09 September 2009

A long gestation

One of the promises I made to myself on emigrating from England was that I would use some of the extra time I thought I'd have (hah!) to go back to the story I started writing on 17 November 1985. Which was a little while ago now. It had been knocking around in my mind for far too long and I needed to get rid of it and move on. I started writing it in pencil in a spiral-bound notebook all those years back, often while travelling to and from school on the bus. In later years, I used a computer to re-write the same scenes when the mood grabbed me. All of those early versions of the story are now lost, which is probably a good thing (although it doesn't reflect well upon my skills as an archivist, I do accept...).

Manchester Cathedral through raindrops
At Christmas in 2007, the year we emigrated, I did manage to get going on it again, but got stuck after I'd written down all those original ideas I'd had. Luckily, before I'd left Manchester* I'd confided my ambition to finish the story to a friend. On a visit back to the city in May this year I had dinner with her and she asked about it. Her enthusiasm for the basic plot outline re-energised me and over this summer I was able to craft it into a (short) novel. I was so pleased to have finally got this thing out of my system. But what was I going to do with it next?

I read Chris Anderson's book Free the other week. Free of charge, online (though it's now only available in that way in the US). This method of accessing the book was inspiring, especially when combined with the book's subject matter. In the old days, you needed to have agents, publishers and printers involved in order to share a story with other people. Which meant that you had to tout the manuscript around until someone decided it was worth smearing dead trees into sheets for (to borrow one of Anderson's phrases). Nowadays, it is easy to publish things online and the whole middle-person thing is less necessary. OK, that also means that there are some terrible pieces of work around, but at least they can find their own market and writers are able to get on with writing and to share if they choose to.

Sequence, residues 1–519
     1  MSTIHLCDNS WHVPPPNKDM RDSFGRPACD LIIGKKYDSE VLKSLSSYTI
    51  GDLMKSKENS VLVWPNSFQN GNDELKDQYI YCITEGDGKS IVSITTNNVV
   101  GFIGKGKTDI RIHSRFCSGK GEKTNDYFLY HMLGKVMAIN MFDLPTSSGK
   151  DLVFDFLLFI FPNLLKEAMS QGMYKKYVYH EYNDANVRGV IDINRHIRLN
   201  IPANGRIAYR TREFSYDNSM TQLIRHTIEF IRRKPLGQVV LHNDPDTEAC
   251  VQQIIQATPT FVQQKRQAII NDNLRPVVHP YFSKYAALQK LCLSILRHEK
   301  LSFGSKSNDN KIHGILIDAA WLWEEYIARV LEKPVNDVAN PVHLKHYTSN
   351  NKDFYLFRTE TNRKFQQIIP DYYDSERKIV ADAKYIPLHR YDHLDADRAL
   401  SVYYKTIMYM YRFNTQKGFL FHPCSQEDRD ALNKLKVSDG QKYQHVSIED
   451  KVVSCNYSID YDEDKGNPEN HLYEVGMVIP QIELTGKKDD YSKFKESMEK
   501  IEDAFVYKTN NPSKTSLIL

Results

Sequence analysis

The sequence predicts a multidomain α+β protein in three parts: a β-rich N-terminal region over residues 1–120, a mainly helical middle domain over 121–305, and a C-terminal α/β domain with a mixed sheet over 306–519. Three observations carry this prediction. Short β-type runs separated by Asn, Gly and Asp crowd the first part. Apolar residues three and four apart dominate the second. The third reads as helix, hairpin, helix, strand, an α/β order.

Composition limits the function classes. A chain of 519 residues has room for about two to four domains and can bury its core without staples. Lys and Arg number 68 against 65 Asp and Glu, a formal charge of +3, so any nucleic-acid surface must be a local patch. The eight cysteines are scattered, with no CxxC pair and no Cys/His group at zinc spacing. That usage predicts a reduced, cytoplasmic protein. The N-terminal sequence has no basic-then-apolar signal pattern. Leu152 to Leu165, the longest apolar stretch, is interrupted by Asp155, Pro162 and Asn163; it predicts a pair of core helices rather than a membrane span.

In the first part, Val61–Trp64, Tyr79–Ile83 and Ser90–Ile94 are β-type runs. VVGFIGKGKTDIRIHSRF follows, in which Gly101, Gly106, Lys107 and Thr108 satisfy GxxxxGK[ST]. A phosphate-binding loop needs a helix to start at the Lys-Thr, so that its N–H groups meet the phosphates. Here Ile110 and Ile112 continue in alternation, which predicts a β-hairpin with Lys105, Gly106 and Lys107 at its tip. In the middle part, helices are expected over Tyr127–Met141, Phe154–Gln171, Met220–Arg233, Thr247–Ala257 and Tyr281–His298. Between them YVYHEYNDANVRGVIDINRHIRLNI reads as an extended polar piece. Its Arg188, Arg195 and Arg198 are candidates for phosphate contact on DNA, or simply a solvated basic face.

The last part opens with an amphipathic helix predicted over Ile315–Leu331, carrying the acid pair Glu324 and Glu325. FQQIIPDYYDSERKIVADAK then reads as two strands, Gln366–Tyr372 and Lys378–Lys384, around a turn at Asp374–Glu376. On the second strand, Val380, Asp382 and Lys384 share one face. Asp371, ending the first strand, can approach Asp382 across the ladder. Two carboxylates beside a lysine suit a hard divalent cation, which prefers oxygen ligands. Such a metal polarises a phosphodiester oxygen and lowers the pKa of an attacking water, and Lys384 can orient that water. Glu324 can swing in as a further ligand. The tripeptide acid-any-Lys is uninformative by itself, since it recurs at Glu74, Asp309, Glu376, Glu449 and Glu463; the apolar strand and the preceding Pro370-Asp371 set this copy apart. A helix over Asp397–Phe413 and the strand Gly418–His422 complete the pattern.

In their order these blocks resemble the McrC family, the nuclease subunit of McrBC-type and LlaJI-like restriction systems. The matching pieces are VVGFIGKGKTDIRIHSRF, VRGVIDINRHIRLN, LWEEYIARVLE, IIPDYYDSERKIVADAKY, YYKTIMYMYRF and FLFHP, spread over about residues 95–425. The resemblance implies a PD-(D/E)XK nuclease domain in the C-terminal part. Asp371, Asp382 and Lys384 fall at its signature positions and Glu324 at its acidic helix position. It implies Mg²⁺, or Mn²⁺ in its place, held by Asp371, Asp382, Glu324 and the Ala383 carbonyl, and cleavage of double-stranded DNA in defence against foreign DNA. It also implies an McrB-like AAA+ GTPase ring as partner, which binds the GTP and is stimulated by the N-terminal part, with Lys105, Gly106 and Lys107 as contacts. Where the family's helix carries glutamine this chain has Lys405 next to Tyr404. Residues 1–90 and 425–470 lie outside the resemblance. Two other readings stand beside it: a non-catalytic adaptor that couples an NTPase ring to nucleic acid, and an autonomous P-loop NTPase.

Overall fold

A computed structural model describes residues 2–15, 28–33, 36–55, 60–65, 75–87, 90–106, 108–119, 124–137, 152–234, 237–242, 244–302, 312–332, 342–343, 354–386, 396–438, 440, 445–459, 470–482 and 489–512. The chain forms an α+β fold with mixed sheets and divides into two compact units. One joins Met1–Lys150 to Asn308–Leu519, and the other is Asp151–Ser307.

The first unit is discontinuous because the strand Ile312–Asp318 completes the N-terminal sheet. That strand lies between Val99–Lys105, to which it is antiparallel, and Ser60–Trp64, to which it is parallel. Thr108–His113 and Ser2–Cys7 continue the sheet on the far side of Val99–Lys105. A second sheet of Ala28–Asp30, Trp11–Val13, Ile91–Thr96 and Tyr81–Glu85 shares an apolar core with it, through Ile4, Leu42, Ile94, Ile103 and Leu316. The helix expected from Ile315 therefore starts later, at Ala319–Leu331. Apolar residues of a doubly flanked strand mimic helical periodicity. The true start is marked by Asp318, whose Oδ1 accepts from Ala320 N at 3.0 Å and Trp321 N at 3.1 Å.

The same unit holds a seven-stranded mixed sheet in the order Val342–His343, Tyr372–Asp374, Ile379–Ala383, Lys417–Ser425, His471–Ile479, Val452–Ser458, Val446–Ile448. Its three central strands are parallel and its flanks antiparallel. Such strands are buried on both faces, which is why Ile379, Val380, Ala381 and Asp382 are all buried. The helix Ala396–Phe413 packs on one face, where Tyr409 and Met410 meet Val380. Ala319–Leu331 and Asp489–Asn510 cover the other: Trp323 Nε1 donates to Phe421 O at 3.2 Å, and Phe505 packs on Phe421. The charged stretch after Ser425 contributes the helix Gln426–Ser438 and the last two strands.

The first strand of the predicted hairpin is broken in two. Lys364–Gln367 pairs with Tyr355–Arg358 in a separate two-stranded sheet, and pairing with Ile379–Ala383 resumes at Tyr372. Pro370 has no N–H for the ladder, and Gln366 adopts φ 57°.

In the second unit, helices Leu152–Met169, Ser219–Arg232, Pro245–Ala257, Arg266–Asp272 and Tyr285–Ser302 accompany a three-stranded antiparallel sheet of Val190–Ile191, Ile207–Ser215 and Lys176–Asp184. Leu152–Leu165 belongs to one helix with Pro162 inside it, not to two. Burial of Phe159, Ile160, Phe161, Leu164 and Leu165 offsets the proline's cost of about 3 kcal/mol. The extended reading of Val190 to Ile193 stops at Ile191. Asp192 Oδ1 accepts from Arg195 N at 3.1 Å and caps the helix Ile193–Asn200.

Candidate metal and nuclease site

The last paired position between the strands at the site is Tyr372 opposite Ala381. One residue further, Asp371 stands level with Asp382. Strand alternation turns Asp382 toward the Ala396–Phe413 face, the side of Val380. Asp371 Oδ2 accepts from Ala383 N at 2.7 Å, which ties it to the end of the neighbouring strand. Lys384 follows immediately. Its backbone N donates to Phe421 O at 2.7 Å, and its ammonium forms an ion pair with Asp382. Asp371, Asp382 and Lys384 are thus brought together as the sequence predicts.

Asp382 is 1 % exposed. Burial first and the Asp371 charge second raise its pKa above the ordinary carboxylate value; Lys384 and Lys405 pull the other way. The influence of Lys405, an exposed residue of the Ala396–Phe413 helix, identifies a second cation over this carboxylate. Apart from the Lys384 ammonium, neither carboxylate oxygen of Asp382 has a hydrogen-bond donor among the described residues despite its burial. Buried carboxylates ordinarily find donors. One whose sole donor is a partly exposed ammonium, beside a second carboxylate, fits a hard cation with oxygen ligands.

Which is all a round-about way of saying that my story is now out there: set free, sitting on a server somewhere for its audience to find it. Which I fully expect is not going to be the same audience as the people who read this blog (as it's basically a school story aimed at young adults). Oh well, I had to pimp it somewhere and if you've got a teenager lurking around the house, they might like it! I had a lot of fun writing it and testing it out on my not-quite-teenage daughter. I'm pleased with the way that self-publishing this book fits into our general ethos of self-sufficiency. There's another blog out there too, which covers the background to the story and my observations on the whole experience of self-publishing.

*The picture, in case you're wondering, is of Manchester Cathedral, as seen through raindrops on the Big Wheel in Exchange Square. Old, new and raining. Everything Manchester means to me, summed up in one photograph.

9 comments:

Bangchik and Kakdah said...

It is really a long gestation! ~ bangchik

Tatyana@MySecretGarden said...

Congratulations, Amanda! It's a big achievement! You should feel good now as a person who finished such a project!

The Garden Ms. S said...

Congratulations on following through! Nice to have your 'baby' out there entertaining people! :)

Anonymous said...

I printed this for my 10 year old son, Luke, to read when I saw the name of your protagonist. I'll let you know his response :)

Emily said...

I read your story last night and I really enjoyed it. I kept telling my husband that I had just a few more pages before bed. Thanks for sharing it.

June said...

Good for you! A triumph! I will go look it up...I'll have teenagers soon enough...

Amanda said...

Thanks for the good wishes everyone.

Emily - you've made the whole process worthwhile. Thanks so much for taking the time to read it and to comment back here. Consider yourself the recipient of a big hug!!!

Mo said...

Not sure how I missed this post but now can't wait to print it up and read it. How exciting to read a piece written by someone I (almost), know! :)

Amanda said...

Thanks Mo! Isn't it funny how we find kindred spirits through blogs and so quickly feel like we know each other very well?